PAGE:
It’s 11 p.m. on a Saturday in the South Side. Club Café, tucked on South 12th Street, is hosting its monthly Loaded Show highlighting some of the area’s brightest stand-up talent. A few rows of chairs and tables pushed next to booths and the limited number of bar stools make finding room to sit (or stand) difficult. But it’s comfortable. There’s an air of excitement and exclusivity for the night ahead.

On stage, Ray Zawodni  is talking about Pittsburgh’s tendency to treat its newscasters as celebrities after his uncle came to his house to tell him about a chance encounter.

“I ran into Bob Pompeani from over on 2! Ray, you’re not gonna believe it, he’s standing outside talking to me for fifteen to twenty minutes like he’s a regular guy like you or me!”

The crowd bursts into laughter. That could be anyone’s uncle in the room.

The Loaded Show began this past year when comedian Bill Crawford of the WDVE Morning Show (who has achieved some national recognition in his own right), wanted to find a better way to showcase local comedic talent than bringing them on his morning show.

Ray Zawodni performing stand-up at the October Loaded Show at Club Cafe.

Ray Zawodni performing stand-up at the October Loaded Show at Club Cafe.

“It’s difficult to come in early in the morning and do clean stand-up material, sitting down, for three people,” he says. “We wanted to get them in their natural habitat, so we picked an awesome room for comedy: Club Café.

“The goal was to take recorded clips from local comedians and play them on our iHeart channel just like the clips we play from national acts,” says Crawford. “There are comics in Pittsburgh that are just as good as anyone on Comedy Central. Our goal was to introduce them to the DVE listeners, who love comedy and get more people out to see shows around the city.”

These days it’s easy to find a live comedy event in Pittsburgh. Dedicated comedy theaters host live performances three nights a week. Open mics take place across the city six nights a week with some venues hosting multiple mics. New and existing improv teams perform regularly while classes are growing with more offerings.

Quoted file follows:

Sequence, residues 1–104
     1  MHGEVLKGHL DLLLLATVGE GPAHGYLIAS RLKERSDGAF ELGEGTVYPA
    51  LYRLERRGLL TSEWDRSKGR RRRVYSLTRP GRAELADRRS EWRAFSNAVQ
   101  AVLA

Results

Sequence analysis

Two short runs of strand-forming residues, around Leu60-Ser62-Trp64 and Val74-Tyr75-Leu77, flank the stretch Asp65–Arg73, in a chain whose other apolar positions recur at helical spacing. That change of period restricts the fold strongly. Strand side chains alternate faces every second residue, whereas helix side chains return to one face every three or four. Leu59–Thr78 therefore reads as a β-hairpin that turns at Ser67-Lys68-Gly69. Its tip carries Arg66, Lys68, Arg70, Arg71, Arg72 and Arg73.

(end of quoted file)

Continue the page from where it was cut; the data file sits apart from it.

But it wasn’t always that way. Randy Kirk, manager at the Cabaret and Backstage Bar at Theater Square for the Pittsburgh Cultural Trust, coordinates the Pittsburgh Improv Jam and is one of the founders of Arcade Theater. While he has been involved in various aspects of Pittsburgh comedy and the improv scene for more than a decade, Kirk has noticed a definite upward trend.

“A lot of us were doing comedy before there were any regular venues predicated outside the Funny Bone, which is strictly stand up, and then the Improv which is pretty corporate and also stand up,” he says. “And to be able to have these different performance bases, it’s good particularly for improvisers where there can be a community.”

A huge piece to the puzzle in recent years has been the growth of Arcade Comedy Theater, which will celebrate its third anniversary in February. Arcade was founded by Kirk, Jethro and Kristy Nolen, Mike Rubino and Abby Fudor. The group met at the Improv Jam where they discussed the prospects of having an active venue running improv on a more regular basis. As the idea materialized, Arcade was able to set up their downtown location through the support of the Cultural Trust.

As one of the more popular venues for comedy in Pittsburgh, Arcade offers live shows every Friday, Saturday and Sunday nights with Thursdays coming soon. Shows include Comedy Royale, a “no holds barred improv competition” where Pittsburgh’s most talented short form improv comedians team up and compete in a series of games and scenes where the audience members decide the winners.

Knights of the Arcade, a live Dungeons and Dragons game played out on stage, puts the comedians and improvisers through a series of quests in the actual D&D format, again built entirely from audience suggestions and participation. You have to see it to believe (and appreciate) it.

Another, Dinner with the Nolens, has Jethro and Kristy together creating original scenes and characters on the spot in an impressive long-form show. Because of a heavy reliance on audience suggestions, no two shows are ever the same, making each night unpredictable. A September show featured the improv group Irony City. In the opening scene the trio were attempting to rob a bank, but were concerned about post Pirate-game traffic as no one would leave the game early because “it’s almost October . . . every game counts.”